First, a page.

I recently watched a new film called “Without You,” featuring David Licauco and Shaira Diaz in leading roles. The movie portrayed a simple yet realistic young romance, touching on character and plot elements that left a lasting impact. Amidst the storyline, a particular statement caught my attention: one of the actors advised the female protagonist to find happiness by embracing her true desires.
This prompted me to contemplate what genuinely brings happiness to my own life. While reflecting on my sources of happiness, I realized that many of them were connected to people around me or how they fit into my daily environment.
I began considering what would truly bring me inner contentment. Whether I compiled a list or defined my sources of happiness, they still seemed intertwined with others or my surroundings. This could be similar to your own list, which might involve making money to support family, pursuing a successful career for your children, advancing professionally, achieving recognition, creating a business, or contributing to various causes.
Society ingrains in us the value of being “good” individuals, serving our country, families, faith, humanity, and the planet. We’re taught that prioritizing needs over wants is a conscientious way to live, adhering to societal roles and expectations. Our existence is often defined by service to others, as a life without purpose lacks meaning. However, this isn’t to suggest that we lead disorderly lives; rather, following societal norms can sometimes lead us to become mechanical, hollow beings, stripped of our essence.
An underlying truth prevails—the right time and opportunity to connect with others is paramount. True happiness surfaces from these connections, transforming our lives into meaningful experiences. This connection propels us to live authentically, embracing the life we’ve been given. It underscores that before we can contribute to a greater whole, we must first realize our own identity and existence.
“He is before all things, and in Him all things hold together.”- Colossians 1:17
Amidst the complexity of existence, there’s beauty in the mundane—the melody of a morning bird’s chirp, the comfort of warm coffee, raindrops dancing on windows, rainbows gracing the sky, the first smile of a newborn, the antics of pets, a fleeting glance from a crush. These seemingly insignificant moments hold the power to evoke profound joy. Moreover, nurturing ourselves can also lead to joy, a feeling that counteracts the elusiveness of mere happiness.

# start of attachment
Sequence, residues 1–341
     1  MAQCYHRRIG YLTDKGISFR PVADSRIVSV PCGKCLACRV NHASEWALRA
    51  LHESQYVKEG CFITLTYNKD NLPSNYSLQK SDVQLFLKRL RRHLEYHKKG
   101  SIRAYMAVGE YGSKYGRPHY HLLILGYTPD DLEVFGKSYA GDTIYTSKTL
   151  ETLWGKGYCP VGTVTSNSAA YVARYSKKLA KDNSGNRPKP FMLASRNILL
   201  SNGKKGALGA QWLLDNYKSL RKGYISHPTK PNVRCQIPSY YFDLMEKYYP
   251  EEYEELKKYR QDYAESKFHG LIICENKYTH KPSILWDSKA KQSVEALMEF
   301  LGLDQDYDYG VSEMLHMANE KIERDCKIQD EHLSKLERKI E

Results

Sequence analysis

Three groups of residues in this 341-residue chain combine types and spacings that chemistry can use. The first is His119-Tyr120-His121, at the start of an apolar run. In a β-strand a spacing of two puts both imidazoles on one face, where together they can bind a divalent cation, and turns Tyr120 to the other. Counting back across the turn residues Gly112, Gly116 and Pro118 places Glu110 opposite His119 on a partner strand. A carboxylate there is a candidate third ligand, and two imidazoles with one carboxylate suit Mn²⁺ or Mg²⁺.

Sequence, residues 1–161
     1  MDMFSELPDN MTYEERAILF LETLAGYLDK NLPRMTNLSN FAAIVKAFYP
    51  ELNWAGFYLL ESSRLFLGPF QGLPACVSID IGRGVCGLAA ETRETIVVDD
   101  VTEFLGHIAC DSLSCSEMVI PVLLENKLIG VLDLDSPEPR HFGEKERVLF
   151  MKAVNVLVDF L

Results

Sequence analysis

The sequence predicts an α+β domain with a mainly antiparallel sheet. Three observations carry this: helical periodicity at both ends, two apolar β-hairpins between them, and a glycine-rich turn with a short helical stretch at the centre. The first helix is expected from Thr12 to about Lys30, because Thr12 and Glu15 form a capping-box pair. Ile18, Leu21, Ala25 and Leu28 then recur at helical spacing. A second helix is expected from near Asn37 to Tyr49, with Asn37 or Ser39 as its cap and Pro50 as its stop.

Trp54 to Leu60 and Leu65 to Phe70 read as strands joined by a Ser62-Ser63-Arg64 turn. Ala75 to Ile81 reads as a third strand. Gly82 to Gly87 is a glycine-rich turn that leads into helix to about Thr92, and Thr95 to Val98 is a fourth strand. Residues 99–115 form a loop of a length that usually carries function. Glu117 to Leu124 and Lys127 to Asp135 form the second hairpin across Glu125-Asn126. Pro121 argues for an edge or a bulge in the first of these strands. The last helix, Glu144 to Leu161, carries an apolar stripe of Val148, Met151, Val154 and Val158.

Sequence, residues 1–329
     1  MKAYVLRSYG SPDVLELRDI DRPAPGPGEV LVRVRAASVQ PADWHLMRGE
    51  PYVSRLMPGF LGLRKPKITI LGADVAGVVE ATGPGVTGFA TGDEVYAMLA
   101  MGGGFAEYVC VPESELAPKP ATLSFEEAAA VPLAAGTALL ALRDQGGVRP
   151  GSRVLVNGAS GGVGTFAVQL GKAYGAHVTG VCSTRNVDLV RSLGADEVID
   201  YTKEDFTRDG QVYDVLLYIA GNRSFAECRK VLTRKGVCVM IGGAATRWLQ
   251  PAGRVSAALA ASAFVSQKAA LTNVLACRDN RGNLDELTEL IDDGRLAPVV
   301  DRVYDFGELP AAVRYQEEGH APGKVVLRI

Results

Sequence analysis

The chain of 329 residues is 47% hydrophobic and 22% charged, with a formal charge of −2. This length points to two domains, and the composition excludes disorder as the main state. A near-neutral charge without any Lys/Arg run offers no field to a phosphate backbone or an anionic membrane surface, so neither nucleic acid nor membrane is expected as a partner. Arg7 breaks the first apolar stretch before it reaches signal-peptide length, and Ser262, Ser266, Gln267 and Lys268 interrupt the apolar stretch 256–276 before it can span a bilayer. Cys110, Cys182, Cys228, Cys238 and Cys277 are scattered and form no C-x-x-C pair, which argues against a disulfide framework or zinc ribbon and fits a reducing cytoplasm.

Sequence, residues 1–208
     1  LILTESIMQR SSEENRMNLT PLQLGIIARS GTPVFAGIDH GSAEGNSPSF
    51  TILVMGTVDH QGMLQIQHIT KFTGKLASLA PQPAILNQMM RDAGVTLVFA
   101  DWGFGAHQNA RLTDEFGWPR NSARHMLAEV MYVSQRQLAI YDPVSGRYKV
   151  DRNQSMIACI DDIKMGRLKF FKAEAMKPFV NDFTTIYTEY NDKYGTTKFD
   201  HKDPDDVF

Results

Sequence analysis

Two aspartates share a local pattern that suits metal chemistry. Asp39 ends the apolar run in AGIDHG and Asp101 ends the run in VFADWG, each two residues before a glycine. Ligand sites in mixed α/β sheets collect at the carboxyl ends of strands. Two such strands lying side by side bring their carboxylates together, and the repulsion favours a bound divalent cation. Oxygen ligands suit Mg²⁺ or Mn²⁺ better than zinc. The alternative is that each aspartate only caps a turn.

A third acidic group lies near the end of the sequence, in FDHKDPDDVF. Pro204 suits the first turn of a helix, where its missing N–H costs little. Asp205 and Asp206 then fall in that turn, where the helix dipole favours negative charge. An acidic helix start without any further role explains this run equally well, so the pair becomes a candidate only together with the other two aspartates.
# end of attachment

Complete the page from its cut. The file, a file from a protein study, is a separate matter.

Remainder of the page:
However, there’s a fine line between self-nurturing and selfishness. While it’s crucial to consider our own desires, it’s important not to become excessively self-centered. Striking this balance can be tricky; the challenge lies in preserving our individuality within relationships. Often, in pursuit of shared happiness, we may compromise our personal joy. Yet, authentic joy empowers us to enrich our surroundings, recharging our hearts and contributing positively to our environment.
Choosing to seek joy within ourselves, rather than relying on external circumstances, can shield us from emotional exhaustion. An ancient adage emphasizes the healing power of a cheerful heart and warns against a spirit worn down by despondency.
“A cheerful heart is a good medicine, but a crushed spirit dries up the bones – Proverbs 17:22”
Distinguishing between happiness and joy, though subtle, yields a profound revelation. As I delved deeper into this exploration, I found solace and contentment, appreciating the difference between the two. Joy emerges as a more profound, enduring sentiment rooted in selflessness, spiritual connection, and a sense of purpose. On the other hand, happiness tends to align with external factors and immediate sensory experiences. Recognizing these contrasts can guide us toward a life brimming with vitality and fulfillment.
Tell-tale differences between happiness and joy
Happiness is often fleeting and temporary. It can be a momentary feeling that arises and fades relatively quickly. It is linked to sensory and emotional experiences and tends to be short-lived
Joy is more enduring and stable. It has a lasting presence even in the face of challenges and difficulties. This inner contentment remains constant, providing a sense of security and peace that persists over time
While happiness can bring positive feelings, it may sometimes lack the depth and spiritual significance associated with joy.
Joy often carries a deeper spiritual dimension. It can arise from experiences of inner peace, spiritual connection, and a sense of purpose that transcends the material world.
Resilience and coping
Happiness may be more vulnerable to external changes and challenges. It can be easily disrupted by adverse circumstances and may not provide the same level of resilience.
Joy, being internally grounded, tends to be more resilient in the face of adversity. It can provide strength and stability, enabling individuals to navigate challenges without losing their sense of contentment and inner peace.